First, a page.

When penicillin was discovered, and found in 1947 to be a total cure for syphilis, the focus of the study changed from trying to find a cure to documenting the progress of the disease from its early stages through termination. The men and their partners were not given penicillin, as that would interfere with the new purpose: instead, the government watched them die a slow, horrific death as they developed tumors and the spirochete destroyed their brains and central nervous system. Those who wanted out of the study, or who had heard of this new miracle drug and wanted it, were told that dropping out meant paying back the cost of decades of medical care, a sum that was far beyond anything a sharecropper could come up with.
With the publicity surrounding the Declaration of Helsinki in 1964, people involved in the study began to question the ethical standards they were using. The passage of the Freedom of Information Act in 1966 allowed them and others to demand — and get — answers from the US government. The story made national headlines when the Washington Star published an expose on July 25, 1972, and the study was officially ended on November 6 of that year. In response to the scandal, the National Research Act of 1974 was passed, which made the institutional review board (IRB) a mandatory part of medical research in the US. The Act also created the National Commission for the Protection of Human Subjects of Biomedical and Behavioral Research to study the ethical and legal issues and make recommendations. The Commission’s final report was the Belmont Report of 1978 (text here), which was adopted by the Department of Health and Human Services as the Federal Policy for the Protection of Human Subjects, informally known as the Common Rule (because it is the set of rules common to all human experimentation in the United States.) The US government did not officially apologize until May 16, 1997, when President Clinton addressed five of the eight surviving study participants at a White House ceremony,
What was done cannot be undone. But we can end the silence. We can stop turning our heads away. We can look at you in the eye and finally say on behalf of the American people, what the United States government did was shameful, and I am sorry … To our African American citizens, I am sorry that your federal government orchestrated a study so clearly racist.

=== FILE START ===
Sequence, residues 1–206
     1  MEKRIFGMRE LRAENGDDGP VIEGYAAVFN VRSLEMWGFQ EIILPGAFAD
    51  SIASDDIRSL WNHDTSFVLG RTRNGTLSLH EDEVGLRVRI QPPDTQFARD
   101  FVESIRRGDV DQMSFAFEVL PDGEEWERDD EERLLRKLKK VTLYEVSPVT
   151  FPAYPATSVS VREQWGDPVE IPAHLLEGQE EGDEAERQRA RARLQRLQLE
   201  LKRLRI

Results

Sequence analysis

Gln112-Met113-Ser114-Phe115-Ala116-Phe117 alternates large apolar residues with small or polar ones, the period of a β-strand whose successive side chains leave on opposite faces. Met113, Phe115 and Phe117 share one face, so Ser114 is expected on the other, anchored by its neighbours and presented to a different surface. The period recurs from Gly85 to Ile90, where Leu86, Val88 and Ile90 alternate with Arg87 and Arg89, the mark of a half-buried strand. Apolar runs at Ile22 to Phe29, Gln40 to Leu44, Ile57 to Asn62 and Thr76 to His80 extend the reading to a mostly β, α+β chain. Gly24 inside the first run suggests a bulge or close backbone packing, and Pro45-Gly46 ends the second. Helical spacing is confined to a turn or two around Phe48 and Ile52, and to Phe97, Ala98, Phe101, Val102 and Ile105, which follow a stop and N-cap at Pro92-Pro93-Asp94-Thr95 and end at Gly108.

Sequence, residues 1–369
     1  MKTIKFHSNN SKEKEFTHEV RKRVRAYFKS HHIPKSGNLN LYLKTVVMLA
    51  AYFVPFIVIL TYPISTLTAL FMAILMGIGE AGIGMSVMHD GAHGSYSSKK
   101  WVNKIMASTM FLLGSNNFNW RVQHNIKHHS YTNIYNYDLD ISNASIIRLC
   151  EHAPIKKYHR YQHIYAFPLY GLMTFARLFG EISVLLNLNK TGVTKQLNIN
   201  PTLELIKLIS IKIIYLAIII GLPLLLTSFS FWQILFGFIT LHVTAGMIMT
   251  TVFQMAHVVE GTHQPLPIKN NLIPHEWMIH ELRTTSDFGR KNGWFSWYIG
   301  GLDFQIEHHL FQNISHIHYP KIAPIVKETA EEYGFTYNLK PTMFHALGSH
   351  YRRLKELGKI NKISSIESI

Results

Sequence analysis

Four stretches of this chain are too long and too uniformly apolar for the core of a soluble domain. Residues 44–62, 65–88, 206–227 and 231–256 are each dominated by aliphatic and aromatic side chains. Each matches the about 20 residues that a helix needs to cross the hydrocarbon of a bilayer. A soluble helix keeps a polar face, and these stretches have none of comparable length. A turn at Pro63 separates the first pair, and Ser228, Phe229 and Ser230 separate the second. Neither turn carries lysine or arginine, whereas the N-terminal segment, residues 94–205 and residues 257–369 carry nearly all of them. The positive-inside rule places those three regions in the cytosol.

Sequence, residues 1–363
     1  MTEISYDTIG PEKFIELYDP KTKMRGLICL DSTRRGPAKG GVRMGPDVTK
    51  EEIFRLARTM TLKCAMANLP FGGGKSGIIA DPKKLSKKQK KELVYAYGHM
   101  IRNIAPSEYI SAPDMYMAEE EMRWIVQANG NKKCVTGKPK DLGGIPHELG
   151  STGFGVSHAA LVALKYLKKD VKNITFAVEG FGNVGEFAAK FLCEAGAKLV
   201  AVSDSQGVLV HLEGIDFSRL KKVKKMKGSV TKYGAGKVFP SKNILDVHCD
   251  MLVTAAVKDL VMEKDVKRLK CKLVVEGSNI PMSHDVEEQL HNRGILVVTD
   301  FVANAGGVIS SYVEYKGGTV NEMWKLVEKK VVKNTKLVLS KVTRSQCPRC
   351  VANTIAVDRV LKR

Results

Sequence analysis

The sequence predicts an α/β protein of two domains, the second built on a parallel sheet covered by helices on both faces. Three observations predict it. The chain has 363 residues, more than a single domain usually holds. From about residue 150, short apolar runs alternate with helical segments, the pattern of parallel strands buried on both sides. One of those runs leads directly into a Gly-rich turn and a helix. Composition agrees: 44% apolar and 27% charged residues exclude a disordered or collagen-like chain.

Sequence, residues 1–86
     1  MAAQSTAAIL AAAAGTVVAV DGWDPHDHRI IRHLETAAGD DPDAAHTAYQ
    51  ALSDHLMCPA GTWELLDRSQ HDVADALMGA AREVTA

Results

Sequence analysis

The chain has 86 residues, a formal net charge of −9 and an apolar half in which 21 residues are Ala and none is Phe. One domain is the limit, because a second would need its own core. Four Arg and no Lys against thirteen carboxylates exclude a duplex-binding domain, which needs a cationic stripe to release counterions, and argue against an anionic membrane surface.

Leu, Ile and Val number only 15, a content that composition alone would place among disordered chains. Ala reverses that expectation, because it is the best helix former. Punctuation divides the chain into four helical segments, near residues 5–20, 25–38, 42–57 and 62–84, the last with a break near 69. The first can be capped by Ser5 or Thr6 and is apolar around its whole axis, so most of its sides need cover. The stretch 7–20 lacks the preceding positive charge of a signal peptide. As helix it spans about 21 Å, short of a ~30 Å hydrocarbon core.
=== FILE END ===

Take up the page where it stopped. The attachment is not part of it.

In summary, there are damned good reasons why IRBs are required in this country. Any and all efforts to avoid independent oversight should be viewed with very deep suspicion. At best, it is unethical; at worst…. Surely, I don’t need to elaborate on that. The Food and Drug Administration has a list of information sheets regarding IRBs.
I’m no lawyer, but it seems that uBiome’s own comments about keeping data and using it for research purposes puts it firmly in the arena of human medical research. This would be true even if they are just collecting data for the use of other researchers. Because federal law requires that information about a research group’s IRB be public, and because uBiome has been so cagey about releasing this information, is highly suspect.
Maybe it is time for the FDA and other appropriate federal agencies to get involved.
Regarding CABs, they appeared in the early 1990s in response to activism by groups such as ACT-UP!. The idea was to make sure that, despite the law, the gay community would not become the next group of Tuskegee sharecroppers. Today, most HIV research organizations around the world require that every unit involved in the research have a board of local laypeople to represent the community in the research process.